Top Three Teams

  • First place was awarded to Team Blue, a team consisting of Cara Tran, Biomedical Engineering senior; Prabhas KC, Economics senior; and Alexander Kim, Finance senior.
  • Second place was award to team Supply Chain Reign including Elizabeth Downey, MEM senior; Paige Lombardi, MEM senior; and Chloe Sainsbury, MIS senior.
  • Third place was awarded to Andrew Warshavsky, MIS senior; Luca Mastrogiacomo, MEM senior; and Jacob Patterson, MEM senior.

 

Supply Chain Management Course Offered for Fall 2021

For the last several years, in the Management and Engineering for Manufacturing program, more and more of our graduates are finding jobs related to supply chain management. With the evolving nature of manufacturing and industry in the United States, it’s really no wonder.

Supply chain management is defined as the process of managing the movement of goods and services from suppliers, as raw materials, and to end users, as finished goods, in an efficient and effective way. Careers in supply chain management can take the role of sourcing, negotiating, contracting, purchasing, logistics, product design and development, inventory control, distribution and more.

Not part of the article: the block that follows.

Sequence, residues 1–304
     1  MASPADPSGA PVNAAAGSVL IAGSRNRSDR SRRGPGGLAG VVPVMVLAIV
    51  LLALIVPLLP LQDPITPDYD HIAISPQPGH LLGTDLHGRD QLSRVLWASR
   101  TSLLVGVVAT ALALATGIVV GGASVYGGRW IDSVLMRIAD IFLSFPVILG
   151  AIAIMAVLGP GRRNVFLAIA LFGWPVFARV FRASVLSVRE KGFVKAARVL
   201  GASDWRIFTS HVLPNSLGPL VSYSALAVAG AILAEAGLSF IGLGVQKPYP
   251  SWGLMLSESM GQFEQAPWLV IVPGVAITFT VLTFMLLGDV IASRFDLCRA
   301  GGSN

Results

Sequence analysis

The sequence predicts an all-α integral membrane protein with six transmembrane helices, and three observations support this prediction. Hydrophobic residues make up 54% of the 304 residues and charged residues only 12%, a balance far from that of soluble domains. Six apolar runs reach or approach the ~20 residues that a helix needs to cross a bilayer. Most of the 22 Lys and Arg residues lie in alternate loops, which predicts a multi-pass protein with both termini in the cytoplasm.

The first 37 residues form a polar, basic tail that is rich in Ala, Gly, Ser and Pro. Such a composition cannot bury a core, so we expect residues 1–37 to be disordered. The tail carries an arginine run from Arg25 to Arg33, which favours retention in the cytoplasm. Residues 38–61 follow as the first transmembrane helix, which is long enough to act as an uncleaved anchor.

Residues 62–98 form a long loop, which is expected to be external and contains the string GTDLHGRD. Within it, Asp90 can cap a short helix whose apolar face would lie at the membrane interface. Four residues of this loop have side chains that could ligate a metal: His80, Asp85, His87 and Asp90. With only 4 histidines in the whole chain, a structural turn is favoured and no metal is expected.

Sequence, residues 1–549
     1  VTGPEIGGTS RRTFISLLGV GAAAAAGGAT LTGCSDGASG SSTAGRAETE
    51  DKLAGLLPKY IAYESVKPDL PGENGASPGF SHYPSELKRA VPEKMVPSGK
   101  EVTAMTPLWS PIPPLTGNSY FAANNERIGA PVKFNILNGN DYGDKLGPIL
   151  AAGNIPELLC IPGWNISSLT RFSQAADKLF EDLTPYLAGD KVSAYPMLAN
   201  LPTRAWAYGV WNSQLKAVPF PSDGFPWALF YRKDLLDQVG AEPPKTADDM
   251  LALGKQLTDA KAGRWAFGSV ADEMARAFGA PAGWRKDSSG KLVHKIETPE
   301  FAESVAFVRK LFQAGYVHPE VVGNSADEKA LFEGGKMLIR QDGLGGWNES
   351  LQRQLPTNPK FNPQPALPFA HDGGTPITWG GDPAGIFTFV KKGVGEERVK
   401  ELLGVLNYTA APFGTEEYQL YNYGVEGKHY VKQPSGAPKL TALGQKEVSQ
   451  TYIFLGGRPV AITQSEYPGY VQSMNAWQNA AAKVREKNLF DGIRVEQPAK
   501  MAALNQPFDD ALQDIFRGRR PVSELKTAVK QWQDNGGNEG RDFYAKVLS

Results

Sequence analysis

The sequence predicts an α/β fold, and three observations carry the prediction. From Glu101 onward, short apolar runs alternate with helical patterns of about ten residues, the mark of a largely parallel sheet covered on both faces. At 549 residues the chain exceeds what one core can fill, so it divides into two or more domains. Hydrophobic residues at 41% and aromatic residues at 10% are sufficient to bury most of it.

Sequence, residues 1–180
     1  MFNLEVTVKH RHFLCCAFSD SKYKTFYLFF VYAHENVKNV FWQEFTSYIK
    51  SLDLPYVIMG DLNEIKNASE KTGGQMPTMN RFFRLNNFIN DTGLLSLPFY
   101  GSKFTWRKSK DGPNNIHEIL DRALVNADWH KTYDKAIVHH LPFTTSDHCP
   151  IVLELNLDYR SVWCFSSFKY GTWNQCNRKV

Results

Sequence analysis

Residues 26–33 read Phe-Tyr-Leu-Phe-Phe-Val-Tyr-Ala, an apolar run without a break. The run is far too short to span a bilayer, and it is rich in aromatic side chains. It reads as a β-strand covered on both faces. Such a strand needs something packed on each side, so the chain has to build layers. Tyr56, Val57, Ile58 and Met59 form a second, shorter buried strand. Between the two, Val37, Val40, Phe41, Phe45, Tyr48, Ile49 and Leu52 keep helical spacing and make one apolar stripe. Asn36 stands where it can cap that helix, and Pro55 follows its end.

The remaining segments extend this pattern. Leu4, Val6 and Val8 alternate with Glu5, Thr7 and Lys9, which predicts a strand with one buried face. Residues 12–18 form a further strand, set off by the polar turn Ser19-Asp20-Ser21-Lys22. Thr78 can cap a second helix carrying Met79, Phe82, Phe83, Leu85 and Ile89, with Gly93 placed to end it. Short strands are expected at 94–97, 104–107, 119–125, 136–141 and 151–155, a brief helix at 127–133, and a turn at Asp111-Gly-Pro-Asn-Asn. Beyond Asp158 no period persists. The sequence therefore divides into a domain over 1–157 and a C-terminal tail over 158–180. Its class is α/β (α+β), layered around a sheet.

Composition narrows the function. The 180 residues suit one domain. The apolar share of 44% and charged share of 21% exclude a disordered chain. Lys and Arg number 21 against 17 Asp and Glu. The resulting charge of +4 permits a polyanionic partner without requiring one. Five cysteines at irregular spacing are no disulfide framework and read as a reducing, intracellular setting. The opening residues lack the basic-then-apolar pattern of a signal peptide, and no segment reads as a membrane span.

The world is getting smaller, but that doesn’t mean that managing the supply chain for manufacturers is getting any easier. In fact, while the world has become more and more accessible with parts of the supply chain traveling around the world in record time, we know it is necessary to produce graduates ready to enter manufacturing in this field, and to bring with them the skills and the creativity needed to expedite the segments of production and access to supplies.

That is why, Dr. Calvert, professor in the School of Business and the co-director of MEM, is developing a course for students interested in supply chain management as a career.

“This course will examine the supply chain from a practical perspective.” Calvert said. “Class time will focus on active discussions and case analysis over the lecture format.”

The topics, including sales, materials management, logistics, and transportation, and will include real-world examples from the professor’s own professional experience.

In addition, external experts such as former MEM and School of Business students, now employed at Unilever, will discuss how supply chain management is performed at their company. Other guest lecturers in the field will include an independent consultant with more than 30-years of experience in the field.

Supply Chain Management, OPIM 4895, will be offered Tuesdays and Thursdays from 11:00 to 12:15 pm.

Supply chain management is an exciting business and engineering field, perfect for MEM students, as well as other engineering and business students as they consider the future of manufacturing leadership in the United States.

Flyer promoting Supply Chain Management Course OPIM 4895 (Fall 2021)